No. 2: Fit and Comfort

The protection offered by PPE is one of the last lines of defense against injury. To encourage employee use and compliance, garments and other protective products should fit well and be comfortable to wear. If safety equipment or apparel feels restrictive or interrupts a worker’s ability to do a job, it’s more likely to not be worn. 

As the Occupational Safety and Health Administration (OSHA) notes, PPE that does not fit properly “can make the difference between being safely covered or dangerously exposed,” and it “may not provide the level of protection desired and may discourage employee use.”

Companies should also ensure they are promoting a workplace safety culture that focuses on the importance of PPE use, as well as providing ongoing training to boost employee compliance. OSHA recommends employees be trained to know at least the following:

  • When PPE is necessary for food safety
  • What PPE is necessary for food safety
  • How to properly put on, take off, adjust and wear PPE
  • The limitations of PPE
  • Proper care, maintenance, useful life and disposal of PPE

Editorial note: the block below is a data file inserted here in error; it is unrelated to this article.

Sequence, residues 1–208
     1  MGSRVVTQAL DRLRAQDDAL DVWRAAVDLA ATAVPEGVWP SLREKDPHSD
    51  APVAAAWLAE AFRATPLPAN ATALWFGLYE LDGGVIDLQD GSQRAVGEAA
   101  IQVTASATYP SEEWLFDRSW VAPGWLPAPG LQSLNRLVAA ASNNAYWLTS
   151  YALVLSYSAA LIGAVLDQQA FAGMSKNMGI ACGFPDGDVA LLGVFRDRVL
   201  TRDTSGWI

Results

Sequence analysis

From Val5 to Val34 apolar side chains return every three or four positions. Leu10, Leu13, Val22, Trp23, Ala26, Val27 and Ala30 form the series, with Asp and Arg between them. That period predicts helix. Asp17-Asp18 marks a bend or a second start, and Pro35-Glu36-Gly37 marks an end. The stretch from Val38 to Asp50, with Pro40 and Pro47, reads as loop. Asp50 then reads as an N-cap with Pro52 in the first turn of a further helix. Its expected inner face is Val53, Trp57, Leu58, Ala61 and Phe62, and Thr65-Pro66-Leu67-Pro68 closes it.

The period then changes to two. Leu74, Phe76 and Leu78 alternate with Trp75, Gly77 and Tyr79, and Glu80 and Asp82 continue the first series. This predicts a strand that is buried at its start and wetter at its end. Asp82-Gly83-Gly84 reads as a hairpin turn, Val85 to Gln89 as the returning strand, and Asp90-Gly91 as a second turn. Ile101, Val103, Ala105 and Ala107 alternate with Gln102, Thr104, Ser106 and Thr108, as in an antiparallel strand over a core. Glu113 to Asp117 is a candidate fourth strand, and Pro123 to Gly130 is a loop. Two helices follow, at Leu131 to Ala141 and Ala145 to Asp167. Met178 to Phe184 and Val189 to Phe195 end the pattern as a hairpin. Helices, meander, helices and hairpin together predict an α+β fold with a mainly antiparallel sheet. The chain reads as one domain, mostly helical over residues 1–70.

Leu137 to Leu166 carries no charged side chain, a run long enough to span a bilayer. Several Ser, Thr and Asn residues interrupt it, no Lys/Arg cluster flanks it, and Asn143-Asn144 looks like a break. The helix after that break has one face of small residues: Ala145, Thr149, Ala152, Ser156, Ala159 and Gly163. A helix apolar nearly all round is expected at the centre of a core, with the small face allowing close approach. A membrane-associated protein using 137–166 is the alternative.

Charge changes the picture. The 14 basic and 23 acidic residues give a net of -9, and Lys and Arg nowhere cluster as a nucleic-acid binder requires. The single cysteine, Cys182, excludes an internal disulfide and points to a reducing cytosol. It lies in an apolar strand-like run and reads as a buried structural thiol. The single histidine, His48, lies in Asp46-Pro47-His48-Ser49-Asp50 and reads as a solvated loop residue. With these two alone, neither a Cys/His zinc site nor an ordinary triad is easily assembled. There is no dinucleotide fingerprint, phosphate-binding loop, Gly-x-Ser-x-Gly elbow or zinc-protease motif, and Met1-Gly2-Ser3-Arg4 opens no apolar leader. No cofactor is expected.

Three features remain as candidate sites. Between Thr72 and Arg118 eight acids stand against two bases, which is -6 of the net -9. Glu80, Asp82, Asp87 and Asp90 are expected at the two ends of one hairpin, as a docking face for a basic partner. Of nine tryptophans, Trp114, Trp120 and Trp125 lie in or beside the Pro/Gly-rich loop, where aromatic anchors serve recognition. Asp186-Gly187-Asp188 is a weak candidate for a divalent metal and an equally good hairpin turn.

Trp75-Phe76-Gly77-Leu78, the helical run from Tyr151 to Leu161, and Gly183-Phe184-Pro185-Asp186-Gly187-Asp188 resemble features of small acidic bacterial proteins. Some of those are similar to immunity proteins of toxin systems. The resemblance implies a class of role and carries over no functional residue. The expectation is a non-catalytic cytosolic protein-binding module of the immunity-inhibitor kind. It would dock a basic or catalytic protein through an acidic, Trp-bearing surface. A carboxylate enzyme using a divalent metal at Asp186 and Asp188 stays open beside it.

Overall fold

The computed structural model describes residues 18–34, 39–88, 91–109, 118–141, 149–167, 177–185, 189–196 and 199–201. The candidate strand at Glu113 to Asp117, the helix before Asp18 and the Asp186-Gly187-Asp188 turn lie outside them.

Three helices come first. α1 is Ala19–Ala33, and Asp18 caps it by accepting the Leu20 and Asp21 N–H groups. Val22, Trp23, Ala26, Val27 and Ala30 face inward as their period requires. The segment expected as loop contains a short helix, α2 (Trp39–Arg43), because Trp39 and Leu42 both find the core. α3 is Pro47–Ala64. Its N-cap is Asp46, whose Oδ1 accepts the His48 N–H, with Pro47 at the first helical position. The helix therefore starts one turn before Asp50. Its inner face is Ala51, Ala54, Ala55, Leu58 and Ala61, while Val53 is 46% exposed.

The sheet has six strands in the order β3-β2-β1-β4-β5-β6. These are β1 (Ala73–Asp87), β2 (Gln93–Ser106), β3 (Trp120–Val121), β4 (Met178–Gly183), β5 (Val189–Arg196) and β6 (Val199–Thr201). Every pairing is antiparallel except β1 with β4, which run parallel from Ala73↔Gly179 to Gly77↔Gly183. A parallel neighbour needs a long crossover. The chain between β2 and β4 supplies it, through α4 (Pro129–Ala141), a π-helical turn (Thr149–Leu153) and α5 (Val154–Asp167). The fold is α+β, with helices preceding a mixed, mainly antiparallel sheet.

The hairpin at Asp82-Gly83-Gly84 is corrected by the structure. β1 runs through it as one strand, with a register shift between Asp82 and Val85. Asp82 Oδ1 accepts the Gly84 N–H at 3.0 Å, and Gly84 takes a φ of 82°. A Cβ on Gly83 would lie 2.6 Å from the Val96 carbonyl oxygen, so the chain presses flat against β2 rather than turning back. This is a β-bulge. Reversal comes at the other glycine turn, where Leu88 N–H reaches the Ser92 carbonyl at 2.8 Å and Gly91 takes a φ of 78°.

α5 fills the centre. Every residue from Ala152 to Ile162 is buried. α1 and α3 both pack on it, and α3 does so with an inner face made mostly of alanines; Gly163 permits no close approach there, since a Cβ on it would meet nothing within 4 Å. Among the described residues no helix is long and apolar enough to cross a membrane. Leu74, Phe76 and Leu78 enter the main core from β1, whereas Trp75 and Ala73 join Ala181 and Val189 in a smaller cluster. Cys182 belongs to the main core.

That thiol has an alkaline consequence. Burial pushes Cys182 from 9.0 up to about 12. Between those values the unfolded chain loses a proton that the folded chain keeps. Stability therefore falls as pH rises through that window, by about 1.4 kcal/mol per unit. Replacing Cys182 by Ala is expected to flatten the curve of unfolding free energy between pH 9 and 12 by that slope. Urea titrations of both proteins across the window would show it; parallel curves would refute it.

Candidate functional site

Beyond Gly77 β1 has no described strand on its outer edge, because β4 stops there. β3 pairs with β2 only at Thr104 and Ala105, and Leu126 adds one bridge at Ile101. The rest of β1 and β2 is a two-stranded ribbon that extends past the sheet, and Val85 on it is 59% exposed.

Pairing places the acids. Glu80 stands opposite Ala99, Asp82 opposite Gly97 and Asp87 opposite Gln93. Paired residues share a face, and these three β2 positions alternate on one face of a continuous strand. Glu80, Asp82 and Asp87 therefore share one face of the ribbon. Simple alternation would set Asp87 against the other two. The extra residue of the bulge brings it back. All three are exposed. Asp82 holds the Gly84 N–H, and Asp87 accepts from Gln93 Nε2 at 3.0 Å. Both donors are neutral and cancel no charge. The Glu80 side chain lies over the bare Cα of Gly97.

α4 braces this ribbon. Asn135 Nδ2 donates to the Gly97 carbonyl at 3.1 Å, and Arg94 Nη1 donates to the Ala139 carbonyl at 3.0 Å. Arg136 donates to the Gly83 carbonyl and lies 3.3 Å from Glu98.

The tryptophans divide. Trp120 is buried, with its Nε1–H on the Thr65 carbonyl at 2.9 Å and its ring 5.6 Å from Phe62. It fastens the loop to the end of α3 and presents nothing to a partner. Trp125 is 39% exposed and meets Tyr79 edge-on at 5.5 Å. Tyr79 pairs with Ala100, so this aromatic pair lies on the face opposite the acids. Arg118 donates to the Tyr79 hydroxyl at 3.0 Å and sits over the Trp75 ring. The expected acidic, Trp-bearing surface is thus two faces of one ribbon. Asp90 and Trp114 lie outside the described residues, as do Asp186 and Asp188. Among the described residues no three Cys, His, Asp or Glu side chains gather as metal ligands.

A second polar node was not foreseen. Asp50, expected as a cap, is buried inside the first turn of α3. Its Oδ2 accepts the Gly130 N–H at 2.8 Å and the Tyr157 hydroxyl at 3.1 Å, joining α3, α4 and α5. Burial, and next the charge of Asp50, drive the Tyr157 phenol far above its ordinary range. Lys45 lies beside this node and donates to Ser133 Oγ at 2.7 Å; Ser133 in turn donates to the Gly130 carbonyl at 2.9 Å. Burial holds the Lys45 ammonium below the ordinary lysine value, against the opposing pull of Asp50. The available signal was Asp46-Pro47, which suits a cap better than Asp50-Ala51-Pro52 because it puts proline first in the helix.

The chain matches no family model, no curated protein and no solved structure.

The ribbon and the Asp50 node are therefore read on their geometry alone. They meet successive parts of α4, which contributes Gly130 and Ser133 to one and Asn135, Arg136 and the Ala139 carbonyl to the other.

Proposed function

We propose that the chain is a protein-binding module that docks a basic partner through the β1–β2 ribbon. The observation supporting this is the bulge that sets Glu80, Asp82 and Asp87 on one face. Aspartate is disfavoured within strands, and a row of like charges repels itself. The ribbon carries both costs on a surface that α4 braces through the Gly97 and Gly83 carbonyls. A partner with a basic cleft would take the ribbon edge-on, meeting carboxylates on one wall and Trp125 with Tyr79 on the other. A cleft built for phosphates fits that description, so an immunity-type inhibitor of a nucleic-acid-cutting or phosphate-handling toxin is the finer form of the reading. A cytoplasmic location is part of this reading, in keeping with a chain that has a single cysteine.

You can read about creating a PPE assessment plan for your business here.

Read more: Workplace Fall Protection: How to Use a Safety Harness and Lanyard

No. 3: Types of PPE for Food Safety

Workers in the food industry require protection in a range of circumstances, from avoiding cuts to preventing food contamination. 

A range of good PPE options are out there for every circumstance. Here’s a rundown of some of the most common protective equipment:

  • Cut protection: working with blades, knives or cutting machines can lead to serious injuries, making thick, steel mesh-lined gloves vital.
  • Thermal protection: Extreme temperatures are commonplace in this industry, making thermal protection gear essential. This includes gloves, face shields and eye protection.
  • Noise protection: PPE such as earmuffs or earplugs can help to mitigate the hearing damage caused by the loud noises that are often a feature of food processing facilities.
  • Fall protection: Slips, trips and falls are common, due to the liquids used in food preparation and cleaning. Floor mats and slip-resistant shoes can help reduce these injuries.
  • Chemical protection: disposable coveralls, face shields, eye protection and gloves can protect against chemicals, sprays and splatters. Chemical-resistant shoe covers can also help. Respiratory protection may also be required if toxic fumes are present.

 

Read more: Air Filtration: What Are MERV Ratings and How Do They Protect Your Workers?

 

How are you making sure your employees are safe at work? Share your thoughts in the comments below.

 

In this video, MSC safety specialists discuss how to create a safer workplace:

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Hello, great article. I have a question, what organization officially approves PPE or new submissions for PPE’s?

 

thank you.